Cumulative return are used to determine if prices have moved from the downside to the upside or from the upside to the downside.
For each sell date of a price series the cumulative returns are computed using the following procedure:
1. Computes the cumulative sum of gains and losses. The gains and losses for all buy and sell combinations are stored in the CTM Trade Table.
2. Computes the cumulative number of all trades (winning plus losing trades).
3. Divides the cumulative sum of gains and loses by the cumulative number of all trades.
This ratio is called the cumulative return.
For example, suppose the first buy and sell combination lost 10%. After one trade the cumulative sum of returns is -10%, the total number of trades is one so the cumulative return is -10%. Suppose trade 2 was a 15% gain. After two trades the running sum of returns is 5%, the total number of trades is two and the cumulative return is 2.5%. Continuing on suppose after 20 trades the running sum of the returns is -10% so the cumulative return is -0.5%.
Why Use Cumulative Returns?
Suppose you are watching a upside price series unfold in real time and then you see prices start to decrease. But you're not sure if the price drop signals a new downside or just a temporary blip on the upside. Therefore, you need a measure to confirm if the drop in prices is for real and a new downside is forming. The cumulative returns serves that purpose.
As prices move up, the cumulative returns move up because more and more trades are winners. Eventually prices peak and then turn down so more and more trades become losers. Therefore, the cumulative returns peak and then begin to turn down thus confirming the down move in prices. The cumulative returns peak soon after cumulative percent winners peak.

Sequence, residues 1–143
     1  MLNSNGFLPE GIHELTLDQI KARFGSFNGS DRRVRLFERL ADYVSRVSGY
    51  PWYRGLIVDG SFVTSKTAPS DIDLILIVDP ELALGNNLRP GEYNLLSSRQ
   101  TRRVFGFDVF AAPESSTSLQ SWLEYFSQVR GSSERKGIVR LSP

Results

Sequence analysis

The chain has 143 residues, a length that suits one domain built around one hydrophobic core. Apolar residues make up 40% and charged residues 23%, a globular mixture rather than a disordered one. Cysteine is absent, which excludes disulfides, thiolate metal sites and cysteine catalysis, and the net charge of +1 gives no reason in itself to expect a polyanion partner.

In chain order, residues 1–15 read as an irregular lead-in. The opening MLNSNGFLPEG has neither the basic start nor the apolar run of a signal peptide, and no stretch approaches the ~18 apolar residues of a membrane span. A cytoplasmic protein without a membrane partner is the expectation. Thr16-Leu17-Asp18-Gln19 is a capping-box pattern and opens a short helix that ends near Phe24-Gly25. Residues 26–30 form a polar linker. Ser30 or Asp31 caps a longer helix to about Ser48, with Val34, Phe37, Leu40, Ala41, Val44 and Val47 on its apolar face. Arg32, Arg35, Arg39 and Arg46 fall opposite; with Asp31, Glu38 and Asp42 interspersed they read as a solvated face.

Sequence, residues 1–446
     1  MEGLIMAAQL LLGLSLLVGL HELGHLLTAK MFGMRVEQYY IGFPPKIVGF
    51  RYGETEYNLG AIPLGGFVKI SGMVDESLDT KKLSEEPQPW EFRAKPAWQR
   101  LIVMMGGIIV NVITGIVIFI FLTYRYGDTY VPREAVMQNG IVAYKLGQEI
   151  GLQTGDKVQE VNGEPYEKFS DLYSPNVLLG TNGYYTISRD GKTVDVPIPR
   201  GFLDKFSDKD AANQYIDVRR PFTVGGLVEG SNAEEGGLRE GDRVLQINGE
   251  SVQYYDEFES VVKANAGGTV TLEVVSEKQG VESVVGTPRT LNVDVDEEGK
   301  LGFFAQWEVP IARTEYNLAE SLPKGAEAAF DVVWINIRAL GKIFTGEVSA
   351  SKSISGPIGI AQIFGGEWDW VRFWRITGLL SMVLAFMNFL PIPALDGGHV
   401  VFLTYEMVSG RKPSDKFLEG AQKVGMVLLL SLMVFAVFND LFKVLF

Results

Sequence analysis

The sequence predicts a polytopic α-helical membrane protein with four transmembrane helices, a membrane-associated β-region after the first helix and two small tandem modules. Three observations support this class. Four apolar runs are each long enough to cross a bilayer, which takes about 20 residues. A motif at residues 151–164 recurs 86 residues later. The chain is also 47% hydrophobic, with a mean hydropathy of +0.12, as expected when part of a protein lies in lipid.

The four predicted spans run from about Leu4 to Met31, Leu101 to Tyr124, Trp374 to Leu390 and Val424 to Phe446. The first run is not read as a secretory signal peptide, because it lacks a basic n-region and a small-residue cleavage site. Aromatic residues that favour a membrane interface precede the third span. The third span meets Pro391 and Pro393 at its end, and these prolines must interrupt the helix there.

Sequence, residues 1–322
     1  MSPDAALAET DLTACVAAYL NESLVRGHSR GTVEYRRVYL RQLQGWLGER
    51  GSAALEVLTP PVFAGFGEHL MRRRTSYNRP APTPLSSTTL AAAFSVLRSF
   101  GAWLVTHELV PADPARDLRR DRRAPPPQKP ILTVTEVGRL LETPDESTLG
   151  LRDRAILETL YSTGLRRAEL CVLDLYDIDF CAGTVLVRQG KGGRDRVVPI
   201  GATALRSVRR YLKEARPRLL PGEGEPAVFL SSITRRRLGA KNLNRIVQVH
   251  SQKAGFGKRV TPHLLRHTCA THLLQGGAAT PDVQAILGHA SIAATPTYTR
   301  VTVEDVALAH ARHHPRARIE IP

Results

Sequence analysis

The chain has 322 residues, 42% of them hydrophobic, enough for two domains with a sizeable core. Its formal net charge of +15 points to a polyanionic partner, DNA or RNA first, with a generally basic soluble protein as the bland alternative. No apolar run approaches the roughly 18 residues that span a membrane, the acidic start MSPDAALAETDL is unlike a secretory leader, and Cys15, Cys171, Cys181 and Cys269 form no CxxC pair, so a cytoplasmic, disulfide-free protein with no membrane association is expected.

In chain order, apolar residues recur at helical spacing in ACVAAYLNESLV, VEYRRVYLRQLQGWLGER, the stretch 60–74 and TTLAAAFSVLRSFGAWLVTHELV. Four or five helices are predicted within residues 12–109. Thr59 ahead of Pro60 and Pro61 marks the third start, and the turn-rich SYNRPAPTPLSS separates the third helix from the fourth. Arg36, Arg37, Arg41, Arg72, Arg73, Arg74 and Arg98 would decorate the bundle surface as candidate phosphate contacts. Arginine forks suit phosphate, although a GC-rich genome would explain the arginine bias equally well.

Similarly, you use cumulative returns to detect when prices move from the downside to the upside. As prices bottom and begin to move to the upside, the cumulative returns bottom and then move up. The cumulative returns bottom after the cumulative percent winners bottom.
Example for An Upside to Downside Move
Kulicke & Soffa (KLIC),
a semiconductor equipment maker whose prices follow a cyclical price pattern,
serves to show how the cumulative percent winners behave. The first upside
started on August 1, 1996 at $4.56 and peaked at $28.62 on September 11,
1997. The downside began on September 12 and ended on October 8, 1998
at a low of $5.19 and the next upside began.
The chart of cumulative returns for the upside to downside analysis of the Kulicke & Soffa price series shows that the cumulative returns peaked at 95.17% on October 3, 1997 approximately three weeks after prices peaked. The fact that cumulative returns have peaked helps to confirm that prices have moved to the downside.